Sunday 16 December 2018

Imagining Ireland in a Ballroom of Romance

Author William Trevor reveals how he was never actually in the original Glenfarne dance hall, writes John McEntee

William Trevor immortalised the Ballroom of Romance in his magnificent short story, written in 1972 and turned into a haunting film by Pat O'Connor 10 years later.

The re-opening of the original ballroom in Glenfarne, Co Leitrim, has prompted Trevor to talk for the first time about the origins of his tale which has been described as the finest short story ever written.

"I think it is delightful that it is re-opening, it's lovely. I'm pleased," he says. "But I never actually visited the ballroom. I was never inside it."

Self-effacing and now quite reclusive, Trevor, 84, has been stricken with a spinal condition which has not only prevented him from making his annual visit to Dublin but has seriously affected his remarkable literary output.

"I haven't really been writing, certainly not at the same level," he admits. "I used to be extremely fit but now I can't walk much. It's a spinal problem. I was struck down with it about six months ago and it has also meant I haven't been back to Ireland."

Trevor, real name William Trevor Cox, lives with Jane, his wife of 60 years, in a quiet Devon backwater. Despite being based in Britain for 50 years, he describes himself as being Irish in "every vein". The couple has two grown up sons.

Despite the bleak human despair of The Ballroom of Romance -- who can forget the grim plight of Bridie played by Brenda Fricker in Pat O'Connor's 1982 film -- its author has extraordinarily happy memories of Irish dance halls.

Though born in Mitchelstown, Co Cork, his father's job in a bank meant that the young Trevor had a nomadic existence, moving from town to town as his father was transferred from Mitchelstown to Skibbereen, Youghal, Enniscorthy and Tipperary.

"We did move around a lot," he recalls. "l remember dances from childhood in the various places we lived. I would be brought along in the evening."

It was at these adult occasions that the young Trevor watched and observed, soaking in nuances, details, mannerisms for his later fiction.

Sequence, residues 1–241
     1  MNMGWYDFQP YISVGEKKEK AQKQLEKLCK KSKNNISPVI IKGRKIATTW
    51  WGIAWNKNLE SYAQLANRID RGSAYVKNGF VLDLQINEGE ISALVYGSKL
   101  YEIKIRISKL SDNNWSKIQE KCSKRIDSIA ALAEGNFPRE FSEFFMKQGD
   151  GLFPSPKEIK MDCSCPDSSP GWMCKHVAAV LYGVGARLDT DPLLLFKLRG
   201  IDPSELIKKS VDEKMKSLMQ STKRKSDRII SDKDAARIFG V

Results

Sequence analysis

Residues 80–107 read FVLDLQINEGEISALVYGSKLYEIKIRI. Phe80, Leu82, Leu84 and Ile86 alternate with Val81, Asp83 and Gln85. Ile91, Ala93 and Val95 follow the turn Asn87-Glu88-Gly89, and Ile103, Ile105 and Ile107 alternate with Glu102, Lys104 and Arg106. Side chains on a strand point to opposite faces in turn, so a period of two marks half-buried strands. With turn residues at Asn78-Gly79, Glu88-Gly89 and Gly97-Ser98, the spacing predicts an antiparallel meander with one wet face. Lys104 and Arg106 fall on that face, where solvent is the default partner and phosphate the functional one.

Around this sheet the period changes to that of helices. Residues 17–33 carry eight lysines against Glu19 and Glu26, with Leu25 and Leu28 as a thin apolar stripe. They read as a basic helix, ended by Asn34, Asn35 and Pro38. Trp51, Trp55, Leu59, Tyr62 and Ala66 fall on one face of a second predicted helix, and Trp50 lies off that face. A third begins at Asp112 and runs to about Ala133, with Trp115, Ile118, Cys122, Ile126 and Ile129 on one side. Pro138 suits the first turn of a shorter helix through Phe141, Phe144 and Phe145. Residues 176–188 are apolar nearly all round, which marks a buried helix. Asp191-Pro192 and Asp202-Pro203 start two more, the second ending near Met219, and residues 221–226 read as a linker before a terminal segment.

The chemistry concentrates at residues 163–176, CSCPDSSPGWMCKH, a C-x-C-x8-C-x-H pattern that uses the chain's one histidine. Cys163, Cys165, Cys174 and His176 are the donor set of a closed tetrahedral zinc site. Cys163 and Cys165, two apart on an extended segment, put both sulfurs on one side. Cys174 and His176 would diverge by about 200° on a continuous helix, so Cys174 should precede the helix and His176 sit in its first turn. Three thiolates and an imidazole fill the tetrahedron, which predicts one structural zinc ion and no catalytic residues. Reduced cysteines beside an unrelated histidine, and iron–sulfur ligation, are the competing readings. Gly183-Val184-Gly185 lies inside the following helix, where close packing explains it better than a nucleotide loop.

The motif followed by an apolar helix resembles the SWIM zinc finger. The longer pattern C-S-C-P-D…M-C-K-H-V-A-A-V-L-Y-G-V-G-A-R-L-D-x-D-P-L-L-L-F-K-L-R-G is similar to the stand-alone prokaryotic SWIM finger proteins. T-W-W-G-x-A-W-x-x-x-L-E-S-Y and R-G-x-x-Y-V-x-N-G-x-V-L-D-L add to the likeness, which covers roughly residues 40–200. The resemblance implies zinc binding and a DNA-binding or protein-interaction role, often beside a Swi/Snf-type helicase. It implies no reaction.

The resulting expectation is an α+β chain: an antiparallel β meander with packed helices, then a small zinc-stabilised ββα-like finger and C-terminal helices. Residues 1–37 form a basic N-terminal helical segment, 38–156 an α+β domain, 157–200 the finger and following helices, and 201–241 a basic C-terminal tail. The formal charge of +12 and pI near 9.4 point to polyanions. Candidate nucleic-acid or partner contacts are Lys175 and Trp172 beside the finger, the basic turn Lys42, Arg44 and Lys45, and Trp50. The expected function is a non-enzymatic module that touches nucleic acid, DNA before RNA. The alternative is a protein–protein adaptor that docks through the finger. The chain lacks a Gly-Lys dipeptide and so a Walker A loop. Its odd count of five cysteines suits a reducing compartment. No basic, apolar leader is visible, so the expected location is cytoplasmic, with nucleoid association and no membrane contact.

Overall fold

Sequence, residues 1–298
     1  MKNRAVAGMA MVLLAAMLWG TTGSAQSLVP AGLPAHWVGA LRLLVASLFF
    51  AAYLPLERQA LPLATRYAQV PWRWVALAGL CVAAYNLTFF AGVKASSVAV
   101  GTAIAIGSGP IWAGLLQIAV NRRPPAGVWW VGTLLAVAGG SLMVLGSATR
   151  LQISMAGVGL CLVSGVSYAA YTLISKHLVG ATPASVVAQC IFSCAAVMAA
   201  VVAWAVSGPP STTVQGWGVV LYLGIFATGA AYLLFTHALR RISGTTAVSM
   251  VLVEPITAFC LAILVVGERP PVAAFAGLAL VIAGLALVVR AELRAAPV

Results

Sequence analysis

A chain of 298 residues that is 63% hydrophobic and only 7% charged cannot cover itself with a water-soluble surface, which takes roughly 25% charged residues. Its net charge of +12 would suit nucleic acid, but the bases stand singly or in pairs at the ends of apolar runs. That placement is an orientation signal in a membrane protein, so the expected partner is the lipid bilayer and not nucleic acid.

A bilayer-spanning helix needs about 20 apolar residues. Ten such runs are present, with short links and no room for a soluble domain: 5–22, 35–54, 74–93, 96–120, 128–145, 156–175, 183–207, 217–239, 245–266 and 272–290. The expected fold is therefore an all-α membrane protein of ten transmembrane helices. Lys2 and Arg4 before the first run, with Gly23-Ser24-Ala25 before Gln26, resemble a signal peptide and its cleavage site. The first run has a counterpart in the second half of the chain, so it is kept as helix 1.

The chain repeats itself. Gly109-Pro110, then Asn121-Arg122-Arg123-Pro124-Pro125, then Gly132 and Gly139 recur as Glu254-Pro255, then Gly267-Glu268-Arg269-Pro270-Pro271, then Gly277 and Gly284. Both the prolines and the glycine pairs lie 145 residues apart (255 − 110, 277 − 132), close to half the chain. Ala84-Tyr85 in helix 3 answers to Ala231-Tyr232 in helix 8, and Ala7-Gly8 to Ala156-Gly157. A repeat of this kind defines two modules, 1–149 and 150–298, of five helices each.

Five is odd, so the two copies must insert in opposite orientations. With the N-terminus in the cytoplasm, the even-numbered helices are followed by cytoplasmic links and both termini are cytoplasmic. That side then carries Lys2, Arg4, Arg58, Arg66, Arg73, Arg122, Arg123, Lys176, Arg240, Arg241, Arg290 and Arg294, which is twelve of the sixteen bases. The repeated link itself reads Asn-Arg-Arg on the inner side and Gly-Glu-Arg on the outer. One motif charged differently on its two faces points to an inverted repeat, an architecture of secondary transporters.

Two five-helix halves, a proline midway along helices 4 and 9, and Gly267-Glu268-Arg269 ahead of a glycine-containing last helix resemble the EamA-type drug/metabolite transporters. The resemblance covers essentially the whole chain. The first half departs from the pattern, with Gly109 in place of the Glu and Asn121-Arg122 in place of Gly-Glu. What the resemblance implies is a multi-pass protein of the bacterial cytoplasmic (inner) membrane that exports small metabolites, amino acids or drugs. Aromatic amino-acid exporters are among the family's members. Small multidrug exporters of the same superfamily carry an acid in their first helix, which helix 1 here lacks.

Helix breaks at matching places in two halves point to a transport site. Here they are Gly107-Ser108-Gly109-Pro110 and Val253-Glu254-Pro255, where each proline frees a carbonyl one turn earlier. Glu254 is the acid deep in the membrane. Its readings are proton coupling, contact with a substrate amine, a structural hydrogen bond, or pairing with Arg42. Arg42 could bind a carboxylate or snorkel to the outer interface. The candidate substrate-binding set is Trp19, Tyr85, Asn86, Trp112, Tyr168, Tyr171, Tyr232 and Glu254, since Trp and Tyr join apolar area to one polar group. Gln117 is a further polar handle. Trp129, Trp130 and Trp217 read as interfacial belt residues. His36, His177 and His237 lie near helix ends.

Pat O'Connor has described The Ballroom of Romance -- a depiction of a primitive mating ritual with low expectations on both sides as men lingered along one half of the hall and the girls on the other -- as shorthand for "the kind of dismal dump the country used to be".

Trevor does not share that memory. "I didn't dance. I was too small. I used to watch with great interest, I preferred that. I do remember quite sharply and brightly many dance halls. I would have been watching and hanging about. That is how you write things," he recalls.

A shy child and subsequent reserved adult, Trevor did learn to dance but not very well.

"Jane is a very good dancer," he says. "She would have me out on the floor for a quickstep if she could."

Trevor is on record as saying that O'Connor's cinematic version of The Ballroom of Romance is very true to his original story.

I remember at a screening at the Riverside Studios in Hammersmith, catching sight of a beaming author as he watched Brenda Fricker's poignant trudge from the ballroom to join the boorish John Kavanagh in the midnight field.

"It is,ultimately, quite sad," says Trevor. "There were many sad encounters in those ballrooms with quite a lot of dissatisfaction. When I was brought along as a child, I remember being quite bored as I watched the dancing. It was something to do."

When he went to Trinity College to study history, he did what most young men do. Visit the ballrooms to meet members of the opposite sex.

"Yes, I did go dancing," he recalls.

"I remember the Crystal Ballroom and the Four Provinces. It was all about picking up girls and seeing how lucky you were or how unlucky you were. But it was quite respectable. Not like now. There is something uneven and rather unsatisfactory about that kind of thing nowadays. People are very casual. In my youth, there was something rather nice about young people going to dances in ballrooms in small country towns. I am very fond of that memory," he says.

At Trinity, the young Protestant from Co Cork met and fell in love with Jane Ryan. They married in 1952. He struggled to make a living as a copywriter and a sculptor. All the time he was writing, achieving success with his second novel, The Old Boys, which won the 1964 Hawthornden prize. Since then he has won three Whitbread prizes, numerous Booker Prize nominations, an honorary CBE and a knighthood. To be called Sir William, he would have to change his nationality, something he would never consider.

Fellow writer Fay Weldon used to encounter Trevor frequently on trains to and from London and the West Country where they both lived at the time.

Weldon recalls: "He was a fantastic train companion. He would talk about so many things, so eloquently. It was that old fashioned sort of conversation, about books, the weather, the landscape, history. Yet at the end of the journey, even though we would talk all the way, I still knew nothing about him. He was courteous, affable, very private and modest. It was the kind of modesty that comes from knowing you have nothing to prove."

Now 20 years later, little has changed except perhaps for Trevor's increasing frailty. Yet though he created a world of quiet despair in The Ballroom of Romance, he retains an affection for the era and the dances that marked it.

He says: "I used to go past the ballroom in Glenfarne on my various travels through Ireland on my motorbike. There were different times in my life in Ireland when I regularly passed it. I really loved the name Ballroom of Romance, but the rest I left to my imagination."

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